Posted by Joanne Dewberry on July 21, 2014
Being a busy mumpreneur / working mum can be complicated at the best of times but the summer holidays can be a logistical nightmare. For me I pretty much go into shut down for the summer and spent quality time with the Moo’s.
For weeks now I have been filling the calender with free events – your local library not only has the reading challenge on but you will find they are also have lots of free arts and crafts workshops on, the FA skills football sessions are 2 hours and again free. Dorset County Council publishes a book with 30 pages of events/activities some paid and some free. I’ve booked days out with friends and a certain little lady is turning 6. So my holiday is organised already. I’ve been doing this for the past few years as I find that if I have planned activities to do the arguing that can sometimes occur from children with too much time diminishes! It also means they are much more amenable to me saying I need 30 minutes to check my emails.
You should already be thinking and implementing social medial scheduling as common practice.
If you get a rare day whereby you can do some work – maybe it’s raining and you have pitched up at soft play to utilise the free wifi, or Nanny popped by and left with the children (if you are reading this – yes please nanny!) It can be easy to try and be as proactive as possible excessive tweeting, Facebook updates and pinning like nuts to make up for days of silence. Well STOP!
- Use scheduling facilities in order to post things consistently for a few days/weeks rather than all in one go.
- Facebook has its on facility which gets a much higher reach and than 3rd party app.
- For Twitter look at twuffer its free easy and no sign up needed.
- For Google + check out the Do Share extension for Chrome users.
- Apps like Buffer and Hootsuite can allow you to schedule updates for most platforms.
- Schedule blog posts if you have the chance to write a couple don’t be tempted to hit publish all at the same time. Each post will get more views, interaction etc .. if you they go live over a few days/weeks.
Most of us work from home or run our own businesses to have a flexible working environment where we can at the drop of a hat go pick a sick child up. Never miss a school assembly or sports day. We shouldn’t forget that actually the summer holiday is the best time to enjoy the fruits of our labour! We work most weekends and evenings until 3am so that we can have fun in the sun!
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Posted by Joanne Dewberry on July 9, 2014
Ever since I have been in business I have spent time capturing data from customers. From like my Facebook page, follow me on Twitter, sign up to my newsletter etc. and I am so guilty of not using this data to my advantage.
We all know we should send out regular newsletters in order to:-
- Remind our customer base we are there
- Let our customers know about special offers, new products, events we might be at
- Communicate with customers who maybe don’t follow you on social media platforms
But how often should we send newsletters?
I send out a monthly newsletter, and those subscribers get 24 hours notice to new products. The newsletter is quite brief – this is my new product, and these are the venues I will be selling at face-to-face, and these are my online locations – Etsy/Supermums. Heather Barber – Minety Moose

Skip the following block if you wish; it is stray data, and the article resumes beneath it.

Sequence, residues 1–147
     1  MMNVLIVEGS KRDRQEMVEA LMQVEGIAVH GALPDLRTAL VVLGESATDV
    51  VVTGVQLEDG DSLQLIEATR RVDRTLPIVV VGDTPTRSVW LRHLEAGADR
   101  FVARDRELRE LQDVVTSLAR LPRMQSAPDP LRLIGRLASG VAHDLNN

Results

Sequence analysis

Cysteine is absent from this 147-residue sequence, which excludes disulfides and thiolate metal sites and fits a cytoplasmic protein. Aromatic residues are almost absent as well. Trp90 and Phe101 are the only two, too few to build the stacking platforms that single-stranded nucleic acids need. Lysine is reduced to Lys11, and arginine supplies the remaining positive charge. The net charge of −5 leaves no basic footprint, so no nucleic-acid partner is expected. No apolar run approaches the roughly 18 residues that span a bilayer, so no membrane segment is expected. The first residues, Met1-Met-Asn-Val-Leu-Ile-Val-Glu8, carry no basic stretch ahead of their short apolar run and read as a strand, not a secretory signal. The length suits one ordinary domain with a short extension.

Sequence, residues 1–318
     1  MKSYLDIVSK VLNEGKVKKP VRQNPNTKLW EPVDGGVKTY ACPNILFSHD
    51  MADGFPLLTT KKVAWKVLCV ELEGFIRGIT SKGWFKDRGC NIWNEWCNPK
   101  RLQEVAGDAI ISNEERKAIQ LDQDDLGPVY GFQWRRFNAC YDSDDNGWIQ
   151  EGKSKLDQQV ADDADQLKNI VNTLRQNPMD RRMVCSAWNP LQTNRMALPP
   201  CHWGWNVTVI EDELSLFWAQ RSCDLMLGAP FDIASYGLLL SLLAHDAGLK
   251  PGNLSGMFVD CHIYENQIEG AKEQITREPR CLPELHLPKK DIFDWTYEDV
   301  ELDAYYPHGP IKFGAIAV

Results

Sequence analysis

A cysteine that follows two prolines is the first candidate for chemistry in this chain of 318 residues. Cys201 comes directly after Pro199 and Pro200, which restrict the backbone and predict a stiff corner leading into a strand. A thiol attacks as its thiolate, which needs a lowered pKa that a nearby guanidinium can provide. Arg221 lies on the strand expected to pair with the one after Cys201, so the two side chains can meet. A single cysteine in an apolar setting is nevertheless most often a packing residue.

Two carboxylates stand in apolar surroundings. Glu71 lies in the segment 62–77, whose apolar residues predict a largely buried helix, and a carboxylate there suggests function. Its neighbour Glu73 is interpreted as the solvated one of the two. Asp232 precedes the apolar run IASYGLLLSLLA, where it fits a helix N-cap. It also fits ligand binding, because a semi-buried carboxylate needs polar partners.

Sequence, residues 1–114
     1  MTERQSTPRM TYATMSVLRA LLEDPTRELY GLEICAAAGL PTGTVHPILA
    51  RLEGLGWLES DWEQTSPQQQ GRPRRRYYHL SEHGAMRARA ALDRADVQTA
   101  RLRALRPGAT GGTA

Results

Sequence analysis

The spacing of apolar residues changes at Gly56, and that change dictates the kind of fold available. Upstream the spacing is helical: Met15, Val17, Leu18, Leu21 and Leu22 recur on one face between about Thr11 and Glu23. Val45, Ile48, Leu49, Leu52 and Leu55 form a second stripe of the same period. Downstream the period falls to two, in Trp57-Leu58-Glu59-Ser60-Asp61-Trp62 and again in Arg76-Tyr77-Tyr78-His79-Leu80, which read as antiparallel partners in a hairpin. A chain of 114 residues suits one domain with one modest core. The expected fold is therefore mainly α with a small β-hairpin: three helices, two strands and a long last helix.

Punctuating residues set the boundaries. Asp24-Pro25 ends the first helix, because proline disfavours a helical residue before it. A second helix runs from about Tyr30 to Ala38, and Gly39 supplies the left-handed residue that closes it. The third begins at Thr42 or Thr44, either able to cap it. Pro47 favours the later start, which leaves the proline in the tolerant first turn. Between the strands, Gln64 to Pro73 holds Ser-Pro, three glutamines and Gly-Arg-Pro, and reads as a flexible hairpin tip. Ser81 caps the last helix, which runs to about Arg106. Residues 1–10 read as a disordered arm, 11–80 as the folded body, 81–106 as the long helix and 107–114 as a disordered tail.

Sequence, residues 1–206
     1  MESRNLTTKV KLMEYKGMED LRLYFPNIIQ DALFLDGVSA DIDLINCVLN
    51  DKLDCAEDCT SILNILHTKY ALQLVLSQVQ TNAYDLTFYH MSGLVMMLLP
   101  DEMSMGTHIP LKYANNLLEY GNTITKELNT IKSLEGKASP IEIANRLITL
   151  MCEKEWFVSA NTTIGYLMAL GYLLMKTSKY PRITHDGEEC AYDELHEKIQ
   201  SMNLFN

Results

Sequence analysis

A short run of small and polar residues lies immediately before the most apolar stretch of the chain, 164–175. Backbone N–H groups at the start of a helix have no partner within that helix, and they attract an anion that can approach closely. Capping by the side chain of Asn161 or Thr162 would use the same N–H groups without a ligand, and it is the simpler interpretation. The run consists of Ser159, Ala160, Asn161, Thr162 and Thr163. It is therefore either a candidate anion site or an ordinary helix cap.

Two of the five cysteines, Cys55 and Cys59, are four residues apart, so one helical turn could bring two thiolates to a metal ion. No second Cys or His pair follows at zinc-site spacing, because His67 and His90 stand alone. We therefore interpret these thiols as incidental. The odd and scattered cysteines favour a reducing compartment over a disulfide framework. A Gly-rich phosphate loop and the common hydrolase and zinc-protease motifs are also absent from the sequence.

Most people agreed monthly – as it was manageable for the business but also not too overwhelming for the receivers – customers/clients. Although Emma Collins PR suggests weekly “Weekly keeps the consumer up to date, inspired and you stay in their mind. Weekly doesn’t have to be the same content. From events, what’s hot, sale, inspiration, customer testimonial etc.“. I don’t think personally there is a correct answer as I receive daily emails from Zulily and I’m not inclined to unsubscribe I just delete those that don’t interest me. I think it really is a case of trial and error seeing what works best for your business.
Designing your newsletter
As with any marketing you do your newsletter need to be consistent with your branding. It also needs to be straight to the point no waffle. Lay it out like you would do a blog post – bullet points, headings to draw the eye around the page. Use images to make a point and break up text, make it look pretty!
I’ve been reading a free book I picked up on Facebook “1001 ways to get more customers” which suggests using Arial 10pt or Verdana 10pt fonts never go smaller than 10pt and if you use 12pt go with Arial. This is really interesting as I’ve never really considered the fonts I use and usually go with the default, it also indicates that actual research has been undertaken here to be so exact.
We literally have seconds to capture the readers attention whereby they decide to read or delete so subject lines are really important. Cracking Media says good subject titles include using words like “How…, What… and Why” Headlines work well whereby the content is lists “e.g. 10 tops tips for.., 101 ways to.., 5 things you should“. you could “even a little cryptic and create intrigue, e.g. “Why we need to learn to love someone else’s worm” ”
60 characters at most makes a good subject line – so be glad that you have been getting good at keeping it brief on Twitter!
So now all that is left is too … send out a newsletter! Who’s with me!? Aim to have one sent by 31st July! You in!?
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